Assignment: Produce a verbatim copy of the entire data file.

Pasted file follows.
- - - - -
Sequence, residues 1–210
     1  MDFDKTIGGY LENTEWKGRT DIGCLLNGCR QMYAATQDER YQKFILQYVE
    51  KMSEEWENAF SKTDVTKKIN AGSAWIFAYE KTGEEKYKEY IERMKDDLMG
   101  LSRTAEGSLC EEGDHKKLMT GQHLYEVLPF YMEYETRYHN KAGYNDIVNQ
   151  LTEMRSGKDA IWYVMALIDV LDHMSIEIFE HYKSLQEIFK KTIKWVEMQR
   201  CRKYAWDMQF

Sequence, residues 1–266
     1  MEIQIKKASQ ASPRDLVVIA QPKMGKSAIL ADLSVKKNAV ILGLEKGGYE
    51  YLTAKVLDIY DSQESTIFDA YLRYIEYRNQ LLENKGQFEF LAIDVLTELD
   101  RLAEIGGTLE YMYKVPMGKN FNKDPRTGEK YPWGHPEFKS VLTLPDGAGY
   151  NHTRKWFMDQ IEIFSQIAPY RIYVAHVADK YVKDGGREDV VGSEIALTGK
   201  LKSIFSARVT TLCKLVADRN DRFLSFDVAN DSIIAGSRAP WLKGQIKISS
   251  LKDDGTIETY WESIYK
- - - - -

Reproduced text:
Sequence, residues 1–210
     1  MDFDKTIGGY LENTEWKGRT DIGCLLNGCR QMYAATQDER YQKFILQYVE
    51  KMSEEWENAF SKTDVTKKIN AGSAWIFAYE KTGEEKYKEY IERMKDDLMG
   101  LSRTAEGSLC EEGDHKKLMT GQHLYEVLPF YMEYETRYHN KAGYNDIVNQ
   151  LTEMRSGKDA IWYVMALIDV LDHMSIEIFE HYKSLQEIFK KTIKWVEMQR
   201  CRKYAWDMQF

Sequence, residues 1–266
     1  MEIQIKKASQ ASPRDLVVIA QPKMGKSAIL ADLSVKKNAV ILGLEKGGYE
    51  YLTAKVLDIY DSQESTIFDA YLRYIEYRNQ LLENKGQFEF LAIDVLTELD
   101  RLAEIGGTLE YMYKVPMGKN FNKDPRTGEK YPWGHPEFKS VLTLPDGAGY
   151  NHTRKWFMDQ IEIFSQIAPY RIYVAHVADK YVKDGGREDV VGSEIALTGK
   201  LKSIFSARVT TLCKLVADRN DRFLSFDVAN DSIIAGSRAP WLKGQIKISS
   251  LKDDGTIETY WESIYK